Children select role models from their friends, movies, television, and books. As teachers, librarians, and parents, we can provide alternative roles that present well-rounded male and female characters who have choices and options. How we can do this through the many genres in children's literature is the subject of this fine collection of essays. "Beauty, Brains, and BraChildren select role models from their friends, movies, television, and books. As teachers, librarians, and parents, we can provide alternative roles that present well-rounded male and female characters who have choices and options. How we can do this through the many genres in children's literature is the subject of this fine collection of essays. "Beauty, Brains, and Brawn" offers diverse perspectives on what it means to be a male or female child in children's literature, presenting stimulating views from the field's best-known authors, illustrators, and educators. The award-winning authors and illustrators talk about their motivation for creating the boys and girls in their books and they examine the child as audience. Essays from educators explore larger issues related to current research on gender and the classroom, multiethnic experiences and gender, and gender portrayals in contemporary fiction, historical fiction, and picture books. Topics include parental roles in books for children, the kinds of books available for very young children and the gender issues housed within them, diversity and gender, the politics of gender and gender stereotypes in children's literature, finding authentic female and male voices in historical fiction, and the clash of conservative and liberal values in children's literature. Popular images in the media are also considered....
|Title||:||Beauty, Brains, and Brawn: The Construction of Gender in Children's Literature|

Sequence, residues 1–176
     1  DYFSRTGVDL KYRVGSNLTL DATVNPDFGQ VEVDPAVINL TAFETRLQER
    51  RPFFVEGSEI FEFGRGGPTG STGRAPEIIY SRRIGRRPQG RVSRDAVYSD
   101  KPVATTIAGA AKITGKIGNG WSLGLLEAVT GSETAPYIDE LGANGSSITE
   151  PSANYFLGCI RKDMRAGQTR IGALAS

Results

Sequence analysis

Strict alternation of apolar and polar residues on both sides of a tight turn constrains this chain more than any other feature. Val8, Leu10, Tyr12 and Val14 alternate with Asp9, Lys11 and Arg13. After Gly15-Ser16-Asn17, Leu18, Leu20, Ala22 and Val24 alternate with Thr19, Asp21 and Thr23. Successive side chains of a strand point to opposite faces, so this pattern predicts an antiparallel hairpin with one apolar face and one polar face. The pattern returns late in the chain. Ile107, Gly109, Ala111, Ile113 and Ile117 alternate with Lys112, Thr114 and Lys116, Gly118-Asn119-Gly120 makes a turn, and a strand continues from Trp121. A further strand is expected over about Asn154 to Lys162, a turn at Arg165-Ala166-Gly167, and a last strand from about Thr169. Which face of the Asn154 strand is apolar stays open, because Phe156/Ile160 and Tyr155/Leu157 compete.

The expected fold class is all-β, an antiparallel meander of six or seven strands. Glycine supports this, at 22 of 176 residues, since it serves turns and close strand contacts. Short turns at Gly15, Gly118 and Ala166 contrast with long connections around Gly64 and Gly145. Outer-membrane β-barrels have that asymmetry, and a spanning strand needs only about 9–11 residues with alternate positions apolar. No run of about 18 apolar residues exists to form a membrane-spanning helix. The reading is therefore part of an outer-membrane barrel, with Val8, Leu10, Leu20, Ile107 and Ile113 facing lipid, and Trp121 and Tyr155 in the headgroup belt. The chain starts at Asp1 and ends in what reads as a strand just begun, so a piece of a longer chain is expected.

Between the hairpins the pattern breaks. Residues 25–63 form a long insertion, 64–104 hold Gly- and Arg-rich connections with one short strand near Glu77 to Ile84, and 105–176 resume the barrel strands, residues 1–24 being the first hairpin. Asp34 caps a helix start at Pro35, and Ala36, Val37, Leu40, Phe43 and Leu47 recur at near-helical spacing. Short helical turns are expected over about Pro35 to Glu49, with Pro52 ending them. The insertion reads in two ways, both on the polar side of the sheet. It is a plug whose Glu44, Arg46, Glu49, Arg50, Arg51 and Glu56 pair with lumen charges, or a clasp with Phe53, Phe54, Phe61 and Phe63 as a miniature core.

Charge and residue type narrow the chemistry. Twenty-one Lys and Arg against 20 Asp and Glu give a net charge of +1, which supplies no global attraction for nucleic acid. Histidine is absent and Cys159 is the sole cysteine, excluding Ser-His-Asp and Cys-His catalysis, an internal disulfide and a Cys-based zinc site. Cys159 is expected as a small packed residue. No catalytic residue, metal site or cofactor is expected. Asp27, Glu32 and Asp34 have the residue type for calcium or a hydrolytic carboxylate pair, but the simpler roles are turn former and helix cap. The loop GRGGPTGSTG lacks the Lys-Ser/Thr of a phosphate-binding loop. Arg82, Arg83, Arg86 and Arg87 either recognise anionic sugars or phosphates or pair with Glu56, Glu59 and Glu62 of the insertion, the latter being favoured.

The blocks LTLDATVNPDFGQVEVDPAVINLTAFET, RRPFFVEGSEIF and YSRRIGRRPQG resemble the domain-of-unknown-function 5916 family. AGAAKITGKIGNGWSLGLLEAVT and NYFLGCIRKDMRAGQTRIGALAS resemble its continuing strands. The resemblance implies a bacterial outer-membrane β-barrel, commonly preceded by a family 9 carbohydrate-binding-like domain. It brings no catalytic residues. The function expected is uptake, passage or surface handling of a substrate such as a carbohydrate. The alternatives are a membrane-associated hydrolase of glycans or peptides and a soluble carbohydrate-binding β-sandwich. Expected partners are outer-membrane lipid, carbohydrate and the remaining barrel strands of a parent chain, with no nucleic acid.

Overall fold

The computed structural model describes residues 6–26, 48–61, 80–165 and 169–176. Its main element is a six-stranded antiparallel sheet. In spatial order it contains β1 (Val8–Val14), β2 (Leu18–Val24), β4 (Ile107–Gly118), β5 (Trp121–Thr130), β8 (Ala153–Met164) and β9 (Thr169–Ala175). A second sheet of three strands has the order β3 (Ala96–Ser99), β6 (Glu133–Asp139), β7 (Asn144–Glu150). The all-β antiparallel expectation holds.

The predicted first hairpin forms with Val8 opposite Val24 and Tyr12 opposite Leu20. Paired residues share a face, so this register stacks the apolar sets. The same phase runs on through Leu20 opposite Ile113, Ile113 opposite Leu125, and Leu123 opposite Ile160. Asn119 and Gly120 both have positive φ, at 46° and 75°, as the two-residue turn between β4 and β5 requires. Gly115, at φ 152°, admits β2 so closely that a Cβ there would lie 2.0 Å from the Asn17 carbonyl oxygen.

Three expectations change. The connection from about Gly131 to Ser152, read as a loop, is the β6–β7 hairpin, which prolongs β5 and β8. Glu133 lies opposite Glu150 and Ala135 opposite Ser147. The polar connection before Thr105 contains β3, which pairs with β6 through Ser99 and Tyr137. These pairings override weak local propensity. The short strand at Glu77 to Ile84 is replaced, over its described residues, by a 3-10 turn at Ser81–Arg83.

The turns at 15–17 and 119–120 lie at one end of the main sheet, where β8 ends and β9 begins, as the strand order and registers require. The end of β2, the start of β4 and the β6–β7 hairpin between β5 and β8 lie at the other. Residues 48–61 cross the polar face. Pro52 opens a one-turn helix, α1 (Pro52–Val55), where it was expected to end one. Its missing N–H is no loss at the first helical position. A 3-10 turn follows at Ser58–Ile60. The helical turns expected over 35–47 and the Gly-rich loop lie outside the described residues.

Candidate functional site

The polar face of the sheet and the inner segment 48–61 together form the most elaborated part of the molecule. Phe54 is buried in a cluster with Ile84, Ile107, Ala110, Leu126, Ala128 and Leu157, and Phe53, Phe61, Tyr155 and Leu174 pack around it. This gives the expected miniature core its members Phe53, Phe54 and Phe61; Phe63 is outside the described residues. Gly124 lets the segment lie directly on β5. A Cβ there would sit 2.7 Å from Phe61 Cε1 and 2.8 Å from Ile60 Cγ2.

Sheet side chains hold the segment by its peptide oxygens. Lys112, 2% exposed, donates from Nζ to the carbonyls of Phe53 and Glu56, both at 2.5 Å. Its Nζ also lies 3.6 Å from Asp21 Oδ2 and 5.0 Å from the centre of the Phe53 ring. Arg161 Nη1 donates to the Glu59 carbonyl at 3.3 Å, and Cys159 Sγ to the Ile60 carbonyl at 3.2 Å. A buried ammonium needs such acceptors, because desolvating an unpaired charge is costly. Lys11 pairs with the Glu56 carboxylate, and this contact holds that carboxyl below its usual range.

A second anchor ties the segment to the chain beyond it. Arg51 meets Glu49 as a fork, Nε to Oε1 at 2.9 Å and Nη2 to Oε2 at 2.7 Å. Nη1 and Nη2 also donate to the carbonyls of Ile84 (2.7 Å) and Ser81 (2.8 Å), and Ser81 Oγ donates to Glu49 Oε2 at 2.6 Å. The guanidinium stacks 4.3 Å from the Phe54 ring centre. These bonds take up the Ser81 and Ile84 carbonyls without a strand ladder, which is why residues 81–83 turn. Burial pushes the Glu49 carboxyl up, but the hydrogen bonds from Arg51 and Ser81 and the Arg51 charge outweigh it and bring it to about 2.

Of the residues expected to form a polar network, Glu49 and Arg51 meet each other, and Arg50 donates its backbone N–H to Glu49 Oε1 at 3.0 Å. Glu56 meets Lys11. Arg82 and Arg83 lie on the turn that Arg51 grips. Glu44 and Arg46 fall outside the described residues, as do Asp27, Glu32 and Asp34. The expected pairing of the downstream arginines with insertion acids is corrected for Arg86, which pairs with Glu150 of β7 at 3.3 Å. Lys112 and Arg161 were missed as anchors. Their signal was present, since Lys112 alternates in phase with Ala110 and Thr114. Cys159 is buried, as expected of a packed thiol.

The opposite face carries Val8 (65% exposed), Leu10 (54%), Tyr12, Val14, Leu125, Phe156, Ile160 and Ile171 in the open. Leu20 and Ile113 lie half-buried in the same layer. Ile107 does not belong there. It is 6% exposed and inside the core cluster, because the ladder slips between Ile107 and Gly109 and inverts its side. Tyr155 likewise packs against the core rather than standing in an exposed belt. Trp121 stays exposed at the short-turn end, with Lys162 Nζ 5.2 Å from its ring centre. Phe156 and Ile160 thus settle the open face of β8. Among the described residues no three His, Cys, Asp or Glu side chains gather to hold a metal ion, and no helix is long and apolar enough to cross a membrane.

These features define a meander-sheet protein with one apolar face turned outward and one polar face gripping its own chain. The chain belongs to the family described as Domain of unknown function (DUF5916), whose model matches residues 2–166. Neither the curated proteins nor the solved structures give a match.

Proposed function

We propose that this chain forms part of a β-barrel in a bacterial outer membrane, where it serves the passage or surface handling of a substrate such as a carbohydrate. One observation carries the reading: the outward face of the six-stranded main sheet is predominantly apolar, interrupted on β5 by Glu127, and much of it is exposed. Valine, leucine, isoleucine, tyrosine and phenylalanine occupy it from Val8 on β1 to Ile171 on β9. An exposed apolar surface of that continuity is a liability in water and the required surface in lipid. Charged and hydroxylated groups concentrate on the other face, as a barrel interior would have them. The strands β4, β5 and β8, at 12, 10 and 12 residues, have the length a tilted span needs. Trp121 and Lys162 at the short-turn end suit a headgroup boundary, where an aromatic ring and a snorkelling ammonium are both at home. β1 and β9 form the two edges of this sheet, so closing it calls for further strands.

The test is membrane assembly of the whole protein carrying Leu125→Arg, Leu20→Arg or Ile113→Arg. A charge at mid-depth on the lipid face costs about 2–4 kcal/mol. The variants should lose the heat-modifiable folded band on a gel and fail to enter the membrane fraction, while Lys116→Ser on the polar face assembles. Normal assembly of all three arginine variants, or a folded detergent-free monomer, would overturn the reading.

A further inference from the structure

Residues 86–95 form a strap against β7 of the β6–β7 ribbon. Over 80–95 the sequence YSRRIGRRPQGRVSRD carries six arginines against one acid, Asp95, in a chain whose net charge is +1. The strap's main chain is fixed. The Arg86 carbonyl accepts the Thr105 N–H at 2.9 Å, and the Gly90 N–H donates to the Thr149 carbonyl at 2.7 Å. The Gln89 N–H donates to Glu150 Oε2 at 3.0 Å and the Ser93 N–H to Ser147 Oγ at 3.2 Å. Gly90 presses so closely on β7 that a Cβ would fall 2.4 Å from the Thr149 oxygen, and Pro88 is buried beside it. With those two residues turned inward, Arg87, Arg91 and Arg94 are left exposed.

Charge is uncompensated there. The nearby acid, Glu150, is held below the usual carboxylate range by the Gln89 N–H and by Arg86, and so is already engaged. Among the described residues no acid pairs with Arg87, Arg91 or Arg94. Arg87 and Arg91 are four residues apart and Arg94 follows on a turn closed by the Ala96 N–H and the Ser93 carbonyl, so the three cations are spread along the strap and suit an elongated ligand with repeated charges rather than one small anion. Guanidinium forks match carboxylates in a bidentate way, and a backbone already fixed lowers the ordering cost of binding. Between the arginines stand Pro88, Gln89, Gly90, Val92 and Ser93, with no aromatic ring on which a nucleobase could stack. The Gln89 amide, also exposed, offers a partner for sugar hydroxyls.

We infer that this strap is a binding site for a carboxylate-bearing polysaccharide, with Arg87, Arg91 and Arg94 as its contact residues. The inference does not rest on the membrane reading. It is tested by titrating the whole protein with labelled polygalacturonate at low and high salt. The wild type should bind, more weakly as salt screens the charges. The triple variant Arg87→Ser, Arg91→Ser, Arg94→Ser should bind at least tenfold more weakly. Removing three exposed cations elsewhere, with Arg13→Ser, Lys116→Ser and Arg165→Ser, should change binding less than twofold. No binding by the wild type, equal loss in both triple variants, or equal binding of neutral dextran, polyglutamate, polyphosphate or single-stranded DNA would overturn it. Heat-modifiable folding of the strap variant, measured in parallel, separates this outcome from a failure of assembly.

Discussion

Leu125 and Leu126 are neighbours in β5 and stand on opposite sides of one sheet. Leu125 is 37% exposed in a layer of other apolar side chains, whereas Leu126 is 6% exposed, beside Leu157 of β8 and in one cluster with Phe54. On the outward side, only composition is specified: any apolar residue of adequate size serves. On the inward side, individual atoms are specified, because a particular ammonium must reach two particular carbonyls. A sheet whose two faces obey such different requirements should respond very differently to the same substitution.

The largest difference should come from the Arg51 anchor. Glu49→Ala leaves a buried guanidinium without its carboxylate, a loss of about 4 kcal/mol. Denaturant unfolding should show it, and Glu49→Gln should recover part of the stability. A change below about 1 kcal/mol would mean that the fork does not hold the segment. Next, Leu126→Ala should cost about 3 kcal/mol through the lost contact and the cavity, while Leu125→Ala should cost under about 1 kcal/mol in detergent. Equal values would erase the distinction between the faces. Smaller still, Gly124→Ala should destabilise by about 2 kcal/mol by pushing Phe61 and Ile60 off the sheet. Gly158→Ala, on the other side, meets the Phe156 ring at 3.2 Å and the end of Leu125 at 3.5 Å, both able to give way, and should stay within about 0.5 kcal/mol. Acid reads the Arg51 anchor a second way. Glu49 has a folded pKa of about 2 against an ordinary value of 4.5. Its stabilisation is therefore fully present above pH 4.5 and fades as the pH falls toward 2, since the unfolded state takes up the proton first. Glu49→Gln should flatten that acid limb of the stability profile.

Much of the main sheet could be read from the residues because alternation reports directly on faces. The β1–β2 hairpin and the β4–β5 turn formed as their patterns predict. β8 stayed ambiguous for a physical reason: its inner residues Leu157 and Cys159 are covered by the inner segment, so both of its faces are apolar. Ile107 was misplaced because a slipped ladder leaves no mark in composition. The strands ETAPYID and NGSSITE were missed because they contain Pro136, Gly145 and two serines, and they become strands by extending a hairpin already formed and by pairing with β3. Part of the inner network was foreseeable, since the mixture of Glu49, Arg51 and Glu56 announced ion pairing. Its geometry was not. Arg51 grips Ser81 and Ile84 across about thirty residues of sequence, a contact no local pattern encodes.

|Number of Pages||:||224 Pages|
|Status||:||Available For Download|
|Last checked||:||21 Minutes ago!|
Beauty, Brains, and Brawn: The Construction of Gender in Children's Literature Reviews
I found this book to be fascinating. The authors definitely have a modern and liberal agenda, and since I'm quite conservative, I disagreed with some of what they said. However, for the most part, I enjoyed these essays and found them informative and enlightening. I was familiar with most of the books which were mentioned, and found the new viewpoints interesting, whether or not I agreed. It opened my eyes to some of hte difficulties of children's librarianship. If you are interested in gender studies and/or psychology and literature, this is an excellent collection to peruse - whether or not you need it for academic purposes!
I will buy almost any of Lehr's anthologies of articles on a subject, because I know I'll find the most thought-provoking opinions on literature for kids and teens under her aegis. There will be critical thinking on and by my favorite authors, teachers, librarians, and critics, and they'll be dealing with my favorite subjects--like this one, which is my favorite. There is plenty to think about in these essays on how we teach girls to wait for princes, frivolity in middle grade series books, developing female characters in historical fiction, gender in picture books, and so on. And there are author and illustrator profiles that illuminate the articles, including people like Fred and Patricia McKissack, Gary Paulsen, and Karen Cushman.There is a lot of thought-provoking stuff that challenges our assumptions and asks us to break out of the standard molds. The book is very readable, and I think anyone who's interested in writing or teaching lit for kids and young adults, or working in their libraries, will find this a book worth reading.
The good thing about this book is, it is a collection of essays on a wide range of related topics, so you get to hear different voices, and sometimes even get a parallax view of one kid's book's strong anfd weak points. The bad part is, a lot of these authors don't explicily consider what kind of gender they are trying to construct; they don't get beyond "strong, sensiitive males and females good." The extent to which gender can be dangerously questionable, rather than simply PC/not 1950s, doesn't really come up. Take this book and run with it...and when it stops, keep running...
This collections of essays and profiles is geared toward those in education who use children's literature to teach. I'm sure it will probably be much more useful to them than it is to me; however, I did enjoy Margaret Chang's essay a great deal.